Interview with Suzanne Ciani (Part 3)
Suzane Ciani agreed to an interview and we chat about her career, her favorite synths, her successes in the advertising industry, the film that was recently made about her life and much more. We had so much to talk about, it was impossible to summarize it all in one article, so we have been posting the interview in parts. This is part 3, the last part of the interview.
You recently did a collaboration with Kaitlyn Aurelia Smith. What prompted this collaboration and what was it like to do that?
Kaitlyn happened to live in the same small town where I live, she’s since moved away, and she played a Buchla Music Easel. She had heard of a record series called RVNG, it was a collaboration, a series that they did with a collaboration between an older artist and a younger artist. So I think we were volume thirteen in this series and I think we were well suited to this project because I was definitely an older artist and she was definitely a younger artist.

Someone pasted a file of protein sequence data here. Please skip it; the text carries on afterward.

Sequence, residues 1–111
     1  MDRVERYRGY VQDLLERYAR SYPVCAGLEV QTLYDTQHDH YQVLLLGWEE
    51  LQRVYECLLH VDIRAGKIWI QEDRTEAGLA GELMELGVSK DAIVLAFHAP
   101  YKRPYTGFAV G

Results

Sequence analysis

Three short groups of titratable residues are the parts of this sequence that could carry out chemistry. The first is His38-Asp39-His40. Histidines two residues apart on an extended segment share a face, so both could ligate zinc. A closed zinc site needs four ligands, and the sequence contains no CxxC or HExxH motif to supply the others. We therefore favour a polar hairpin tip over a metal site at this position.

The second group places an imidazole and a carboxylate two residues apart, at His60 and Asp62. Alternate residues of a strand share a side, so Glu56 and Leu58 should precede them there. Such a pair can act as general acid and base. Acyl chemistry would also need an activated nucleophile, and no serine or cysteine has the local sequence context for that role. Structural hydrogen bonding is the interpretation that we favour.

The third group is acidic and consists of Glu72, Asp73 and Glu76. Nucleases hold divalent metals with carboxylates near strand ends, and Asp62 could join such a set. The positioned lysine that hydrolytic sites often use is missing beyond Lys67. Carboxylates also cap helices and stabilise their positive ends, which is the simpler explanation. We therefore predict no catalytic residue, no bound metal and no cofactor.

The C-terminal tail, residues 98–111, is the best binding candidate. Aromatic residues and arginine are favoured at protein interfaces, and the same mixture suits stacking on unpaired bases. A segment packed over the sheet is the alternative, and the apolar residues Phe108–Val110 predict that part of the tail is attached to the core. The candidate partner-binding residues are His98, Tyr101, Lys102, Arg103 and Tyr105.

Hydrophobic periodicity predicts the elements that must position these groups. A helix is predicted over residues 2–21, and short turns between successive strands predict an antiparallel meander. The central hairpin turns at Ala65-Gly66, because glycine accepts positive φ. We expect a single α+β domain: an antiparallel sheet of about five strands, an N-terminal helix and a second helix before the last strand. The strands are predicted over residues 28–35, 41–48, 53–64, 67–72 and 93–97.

We both played Buchla’s so it was fun, it took me a long time to work in into my schedule. It wasn’t at the top of my list and finally we kind of said that if we don’t do it this weekend then we are never going to do it. So we just gave it the green light and it was all done live. We recorded live into the computer for a couple of days and then we just selected the segments that we liked the most. I think it was really fun to improvise with another player. I had not done that before. We based it on, oddly, the same sequences that I used in 1975. So we needed a starting point and I had written a paper in 1975 that described how you play the Buchla. I had gotten a grant from the National Endowment of the Arts and had to produce a document and when I came back to playing the Buchla after 35 years or whatever, I thought “Geez, how did I use to do that?”